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"Mike & Molly" cast member Melissa McCarthy puckers up to her Emmy for best lead actress in a comedy series at last year's ceremony.
With some old shows retuning to eligibility and some new shows grabbing all manner of headlines and eyeballs, this year's Emmy races feel a little more wide open than usual.
"Mad Men," AMC's hit series set in the '60s, hopes this year to become the first series win a fifth Best Drama award, breaking its tie with erstwhile NBC series "Hill Street Blues," "L.A. Law," and "The West Wing." Standing in its path could be Showtime's "Homeland," the spy thriller that won Best Drama at the Golden Globes earlier this year, where series star Claire Danes also took Best Actress in a Drama.
After a year in which "Breaking Bad" was ineligible because of its scheduling, you can expect the show and star Bryan Cranston back in the awards mix. This news has to be disheartening for "Mad Men" star Jon Hamm. Having lost to Cranston three years in a row, Hamm looked like a lock to win his first Best Actor Emmy last year, only to have "Friday Night Lights" star Kyle Chandler swoop in to take the prize. Will Hamm finally overcome Cranston?
Beyond those three likely Drama nominees, things get a little hazy. "Game of Thrones" seems like a slam-dunk, as do "Boardwalk Empire" and "The Good Wife". But what of old favorites like "Dexter," "Justified" and "House," just to name a few? That's nine shows and there are only six slots—someone's gonna be disappointed.
"Boardwalk Empire" won eight Emmys last year, more than any other Drama, but seems unlikely to repeat that haul, as six of its wins from 2011 were for the pilot, which was directed by Martin Scorsese.
On the comedy side of the aisle, "Modern Family" is a lock to get a chance to defend its back-to-back titles, while "30 Rock," "The Big Bang Theory" and "Parks & Recreation" will all likely hear their names called. Also back in the running after a year of ineligibility is "Curb Your Enthusiasm," which has previously gotten six nods without a win.
Among the individual awards, Melissa McCarthy looks to defend last year's surprise Best Actress in a Comedy win for "Mike and Molly," Jim Parsons will seek a three-peat for Best Actor, and Ed O'Neill hopes to get some love after last year, when seemingly all of his "Modern Family" co-stars were nominated and he wasn't.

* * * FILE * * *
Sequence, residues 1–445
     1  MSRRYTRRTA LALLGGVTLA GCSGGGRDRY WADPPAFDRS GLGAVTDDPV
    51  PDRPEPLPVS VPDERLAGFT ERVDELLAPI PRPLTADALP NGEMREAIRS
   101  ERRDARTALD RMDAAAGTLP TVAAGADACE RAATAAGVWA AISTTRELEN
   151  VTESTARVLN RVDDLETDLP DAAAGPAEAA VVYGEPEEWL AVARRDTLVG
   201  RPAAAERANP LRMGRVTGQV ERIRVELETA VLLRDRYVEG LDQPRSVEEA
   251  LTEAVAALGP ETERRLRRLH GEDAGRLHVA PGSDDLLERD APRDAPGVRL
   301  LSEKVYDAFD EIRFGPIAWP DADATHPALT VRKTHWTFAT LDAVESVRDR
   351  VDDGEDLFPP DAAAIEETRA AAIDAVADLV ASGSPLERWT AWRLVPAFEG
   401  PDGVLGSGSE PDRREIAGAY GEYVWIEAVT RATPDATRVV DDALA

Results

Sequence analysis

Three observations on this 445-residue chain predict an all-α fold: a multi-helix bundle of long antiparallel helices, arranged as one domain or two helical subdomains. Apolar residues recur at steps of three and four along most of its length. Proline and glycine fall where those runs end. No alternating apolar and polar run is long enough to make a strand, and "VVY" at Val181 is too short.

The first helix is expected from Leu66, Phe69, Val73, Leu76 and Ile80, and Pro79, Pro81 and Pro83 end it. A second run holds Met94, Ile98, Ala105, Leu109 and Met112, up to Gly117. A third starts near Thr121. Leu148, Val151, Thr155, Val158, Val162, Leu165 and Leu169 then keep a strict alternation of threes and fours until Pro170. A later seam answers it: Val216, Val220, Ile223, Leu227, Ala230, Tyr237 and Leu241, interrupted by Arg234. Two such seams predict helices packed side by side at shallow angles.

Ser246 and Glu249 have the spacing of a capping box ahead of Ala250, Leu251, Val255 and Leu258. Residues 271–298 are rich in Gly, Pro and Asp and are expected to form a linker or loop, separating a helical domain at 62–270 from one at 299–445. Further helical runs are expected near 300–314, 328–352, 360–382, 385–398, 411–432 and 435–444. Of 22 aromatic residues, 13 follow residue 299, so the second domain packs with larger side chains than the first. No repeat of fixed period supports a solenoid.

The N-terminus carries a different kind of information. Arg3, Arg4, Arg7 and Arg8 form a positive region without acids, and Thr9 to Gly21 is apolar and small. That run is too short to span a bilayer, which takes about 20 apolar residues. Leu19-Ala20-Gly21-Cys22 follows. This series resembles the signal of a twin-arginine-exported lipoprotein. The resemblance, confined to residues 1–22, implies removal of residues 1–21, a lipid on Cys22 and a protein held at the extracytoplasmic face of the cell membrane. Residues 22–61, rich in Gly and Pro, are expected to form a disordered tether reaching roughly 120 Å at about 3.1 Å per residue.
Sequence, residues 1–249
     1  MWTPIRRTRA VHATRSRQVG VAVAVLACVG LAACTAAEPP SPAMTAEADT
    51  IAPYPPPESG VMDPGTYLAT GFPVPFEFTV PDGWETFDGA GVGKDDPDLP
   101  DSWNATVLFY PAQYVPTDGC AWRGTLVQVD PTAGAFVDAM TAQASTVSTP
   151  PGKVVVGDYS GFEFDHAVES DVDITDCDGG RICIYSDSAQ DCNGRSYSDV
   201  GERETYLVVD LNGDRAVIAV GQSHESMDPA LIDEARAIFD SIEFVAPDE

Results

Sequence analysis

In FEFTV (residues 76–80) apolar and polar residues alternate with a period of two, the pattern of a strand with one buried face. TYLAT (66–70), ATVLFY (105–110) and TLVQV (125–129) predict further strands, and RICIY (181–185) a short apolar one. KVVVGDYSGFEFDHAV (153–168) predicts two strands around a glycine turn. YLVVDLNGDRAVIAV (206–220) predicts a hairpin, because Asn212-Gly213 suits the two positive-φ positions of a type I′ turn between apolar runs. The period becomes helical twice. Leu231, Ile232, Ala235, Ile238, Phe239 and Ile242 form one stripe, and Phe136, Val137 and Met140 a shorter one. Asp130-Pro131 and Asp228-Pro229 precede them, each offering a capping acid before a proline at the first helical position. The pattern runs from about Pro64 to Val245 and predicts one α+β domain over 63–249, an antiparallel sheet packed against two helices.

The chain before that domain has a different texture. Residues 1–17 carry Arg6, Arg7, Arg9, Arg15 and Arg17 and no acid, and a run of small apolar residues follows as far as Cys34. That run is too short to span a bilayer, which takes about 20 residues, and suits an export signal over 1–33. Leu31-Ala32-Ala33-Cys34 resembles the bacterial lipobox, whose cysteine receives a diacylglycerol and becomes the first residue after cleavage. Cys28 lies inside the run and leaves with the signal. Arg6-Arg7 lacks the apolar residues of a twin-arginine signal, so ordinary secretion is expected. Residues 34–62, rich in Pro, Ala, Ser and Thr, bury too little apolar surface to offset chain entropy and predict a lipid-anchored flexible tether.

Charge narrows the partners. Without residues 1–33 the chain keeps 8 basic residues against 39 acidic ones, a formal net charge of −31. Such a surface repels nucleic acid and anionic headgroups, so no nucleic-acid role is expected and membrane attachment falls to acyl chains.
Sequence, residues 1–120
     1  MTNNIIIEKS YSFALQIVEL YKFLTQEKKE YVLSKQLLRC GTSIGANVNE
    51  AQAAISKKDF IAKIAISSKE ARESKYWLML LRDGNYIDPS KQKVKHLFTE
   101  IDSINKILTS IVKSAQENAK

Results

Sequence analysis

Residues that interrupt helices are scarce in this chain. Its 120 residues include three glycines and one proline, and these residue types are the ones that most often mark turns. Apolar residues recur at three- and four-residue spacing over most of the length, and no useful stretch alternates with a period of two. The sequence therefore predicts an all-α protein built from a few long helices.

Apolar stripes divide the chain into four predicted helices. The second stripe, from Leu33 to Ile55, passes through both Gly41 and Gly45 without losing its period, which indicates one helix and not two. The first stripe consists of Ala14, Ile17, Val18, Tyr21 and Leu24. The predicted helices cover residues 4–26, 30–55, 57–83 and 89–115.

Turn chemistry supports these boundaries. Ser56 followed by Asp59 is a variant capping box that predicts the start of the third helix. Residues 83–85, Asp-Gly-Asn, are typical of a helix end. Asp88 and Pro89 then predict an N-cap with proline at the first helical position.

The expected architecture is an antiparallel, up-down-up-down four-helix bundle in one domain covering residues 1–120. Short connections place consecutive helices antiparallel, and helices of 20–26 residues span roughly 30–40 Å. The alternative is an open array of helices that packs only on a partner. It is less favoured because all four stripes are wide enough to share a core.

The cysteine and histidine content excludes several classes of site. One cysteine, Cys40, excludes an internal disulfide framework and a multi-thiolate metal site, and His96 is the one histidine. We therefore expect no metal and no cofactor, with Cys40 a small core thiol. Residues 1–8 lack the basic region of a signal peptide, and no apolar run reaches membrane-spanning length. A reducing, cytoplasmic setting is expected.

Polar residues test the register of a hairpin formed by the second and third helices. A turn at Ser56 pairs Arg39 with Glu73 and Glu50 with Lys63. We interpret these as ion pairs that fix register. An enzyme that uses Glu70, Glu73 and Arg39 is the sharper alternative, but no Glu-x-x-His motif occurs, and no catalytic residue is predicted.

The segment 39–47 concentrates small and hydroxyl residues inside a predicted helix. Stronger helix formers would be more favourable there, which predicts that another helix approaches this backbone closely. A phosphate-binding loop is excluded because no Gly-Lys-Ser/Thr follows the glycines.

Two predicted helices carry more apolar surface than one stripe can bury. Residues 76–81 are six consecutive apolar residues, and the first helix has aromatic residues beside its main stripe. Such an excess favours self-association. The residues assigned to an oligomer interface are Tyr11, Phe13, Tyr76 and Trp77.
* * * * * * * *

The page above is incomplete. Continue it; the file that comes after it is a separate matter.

The most interesting name to listen for will be HBO's "Girls," the most talked about new comedy in a very long time. Creator-writer-director-producer-star Lena Dunham's raw, frank, absurd and often bleak portrait of four 20-something women trying to make their way in New York City was loved or hated by all who saw it—nobody walked away with a shrug.
Also hoping to get the call will be "Louie," another NYC-based series driven by a singular vision, that of comedian Louis CK. And this is to say nothing of Emmy stalwart Julia Louise Dreyfuss' new series "Veep," the Fox hit "New Girl," starring Zooey Deschanel, and the first season of "The Office" in the post Steve Carell era.
Last year "Downton Abbey" took home six Emmys, and is sure to receive another bushel of nominations. Though the Dowager and friends don’t seem to have any one opponent in the miniseries/TV movie category as daunting as last year's "Mildred Pierce" (21 nominations) there's still no shortage of contenders.
"Glee" creator Ryan Murphy's modern Gothic mind warp "American Horror Story," HBO's "Game Change," about the McCain/Palin run for the White House, and the ratings blockbuster "Hatfields and McCoys," starring Kevin Costner, will all receive nods, as will "Hemingway and Gellhorn," starring Clive Owen and Nicole Kidman, "Luther," starring Idris Elba, and two newspaper dramas, "Page Eight" and "The Hour."
The 64th Emmy Awards will air Sunday, Sept. 23, on ABC, hosted by Jimmy Kimmel live from the Nokia Theater in Los Angeles.